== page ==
General Dynamics UK has successfully completed the Critical Design Review (CDR) for the Scout Reconnaissance variant, as part of the Scout Specialist Vehicle (SV) programme. The completion of the Scout Reconnaissance variant CDR is a significant marker in the Scout SV programme, with the first Scout Reconnaissance pre-production prototype to be completed later this year.
The CDR covered the fully-integrated Scout Reconnaissance platform, including the platform hull design, the Lockheed Martin UK-developed turret, Electronic Architecture, onboard software solutions, sub-systems and variant-specific products, such as the Primary Sight.
In service, the Scout Reconnaissance variant will provide best-in-class protection and survivability, reliability and mobility and all-weather Intelligence, Surveillance, Target Acquisition and Recognition (ISTAR) capabilities. It will enable the soldier to be at the point of collection of accurate all-weather commander information within a network-enabled, fully-digitised platform.
Kevin Connell, vice president at General Dynamics UK – Land Systems, said: «The Scout Reconnaissance variant is the flagship of the Scout SV programme and will provide a step-change in ground-based ISTAR capability to the British Army. The completion of the Scout Reconnaissance variant CDR is a significant step in delivering a family of Scout SV platforms, which represent the future of Armoured Fighting Vehicles for the British Army».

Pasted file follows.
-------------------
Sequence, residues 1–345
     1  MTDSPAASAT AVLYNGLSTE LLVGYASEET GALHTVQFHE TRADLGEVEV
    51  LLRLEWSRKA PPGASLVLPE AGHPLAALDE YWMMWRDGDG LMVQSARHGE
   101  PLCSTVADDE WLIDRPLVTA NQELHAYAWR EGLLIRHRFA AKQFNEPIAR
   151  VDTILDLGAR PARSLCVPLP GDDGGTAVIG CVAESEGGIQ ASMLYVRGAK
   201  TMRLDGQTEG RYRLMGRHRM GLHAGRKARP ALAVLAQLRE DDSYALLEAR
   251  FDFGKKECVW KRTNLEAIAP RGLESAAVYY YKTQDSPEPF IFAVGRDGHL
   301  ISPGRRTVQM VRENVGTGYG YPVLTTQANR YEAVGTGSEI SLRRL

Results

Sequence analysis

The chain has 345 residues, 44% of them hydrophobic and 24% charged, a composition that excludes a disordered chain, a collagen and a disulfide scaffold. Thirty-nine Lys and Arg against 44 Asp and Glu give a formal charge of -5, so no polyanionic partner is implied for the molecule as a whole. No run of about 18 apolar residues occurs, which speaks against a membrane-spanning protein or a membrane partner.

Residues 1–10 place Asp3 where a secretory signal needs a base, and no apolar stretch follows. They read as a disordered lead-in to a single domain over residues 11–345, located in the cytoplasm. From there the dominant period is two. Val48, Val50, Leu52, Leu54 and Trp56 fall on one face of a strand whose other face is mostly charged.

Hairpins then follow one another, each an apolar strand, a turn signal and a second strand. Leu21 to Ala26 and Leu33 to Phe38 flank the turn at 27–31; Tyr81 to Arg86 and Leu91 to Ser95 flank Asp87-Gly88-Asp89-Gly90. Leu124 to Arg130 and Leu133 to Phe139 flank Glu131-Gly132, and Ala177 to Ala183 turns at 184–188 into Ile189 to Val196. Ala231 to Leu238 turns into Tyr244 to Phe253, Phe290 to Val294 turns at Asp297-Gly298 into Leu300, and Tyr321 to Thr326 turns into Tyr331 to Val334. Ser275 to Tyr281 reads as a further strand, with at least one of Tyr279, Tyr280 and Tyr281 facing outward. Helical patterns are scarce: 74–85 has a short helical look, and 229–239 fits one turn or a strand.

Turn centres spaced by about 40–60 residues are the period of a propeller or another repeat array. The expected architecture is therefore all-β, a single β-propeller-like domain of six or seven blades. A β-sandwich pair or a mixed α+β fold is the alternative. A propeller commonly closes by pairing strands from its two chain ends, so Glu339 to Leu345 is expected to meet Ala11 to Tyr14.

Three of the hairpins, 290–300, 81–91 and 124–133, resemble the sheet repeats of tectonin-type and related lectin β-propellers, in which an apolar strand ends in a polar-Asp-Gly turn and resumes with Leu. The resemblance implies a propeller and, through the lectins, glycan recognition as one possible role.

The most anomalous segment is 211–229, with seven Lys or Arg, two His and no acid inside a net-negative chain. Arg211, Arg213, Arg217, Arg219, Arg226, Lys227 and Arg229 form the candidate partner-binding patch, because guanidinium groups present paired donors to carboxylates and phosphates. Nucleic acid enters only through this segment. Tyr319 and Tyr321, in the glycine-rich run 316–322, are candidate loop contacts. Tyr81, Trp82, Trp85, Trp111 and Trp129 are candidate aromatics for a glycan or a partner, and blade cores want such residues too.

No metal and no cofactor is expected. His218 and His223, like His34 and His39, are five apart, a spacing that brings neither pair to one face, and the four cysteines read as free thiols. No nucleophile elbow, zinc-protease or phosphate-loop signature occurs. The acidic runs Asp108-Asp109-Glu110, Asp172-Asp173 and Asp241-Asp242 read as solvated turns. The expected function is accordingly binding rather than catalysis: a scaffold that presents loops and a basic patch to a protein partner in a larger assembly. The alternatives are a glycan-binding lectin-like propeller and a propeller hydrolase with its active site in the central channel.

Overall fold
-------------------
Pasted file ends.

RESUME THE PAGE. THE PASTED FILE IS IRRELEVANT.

The Scout Reconnaissance variant CDR is the final variant-specific CDR to be completed ahead of the pending Scout SV System CDR, which will examine all aspects of each Scout SV platforms under a single review.
Defence Minister, Philip Dunne, said: «The Scout programme has already passed several of its key milestones, including the live blast trials. This latest achievement shows great progress, with Scout SV vehicles well on their way to being ready for Army user trials in 2017. This is an exciting time for the armoured vehicles business in the UK and it is great news that the Scout programme is already securing approximately 2,400 jobs across the country».
The range of Scout SV variants will allow the British Army to conduct sustained, expeditionary, full-spectrum and network-enabled operations with a reduced logistics footprint. Scout SV can operate in combined-arms and multinational situations across a wide-range of future operating environments.
According to Nicholas de Larrinaga, Jane’s Defence Weekly correspondent, the UK has ordered a total of 589 of the vehicles, intended to replace the less capable CVR(T) family, at a cost of £3.5 billion ($5.420 billion). These are divided between two principal variant families: the 40-mm turret armed reconnaissance vehicle and the Protected Mobility Reconnaissance Support (PMRS) variant.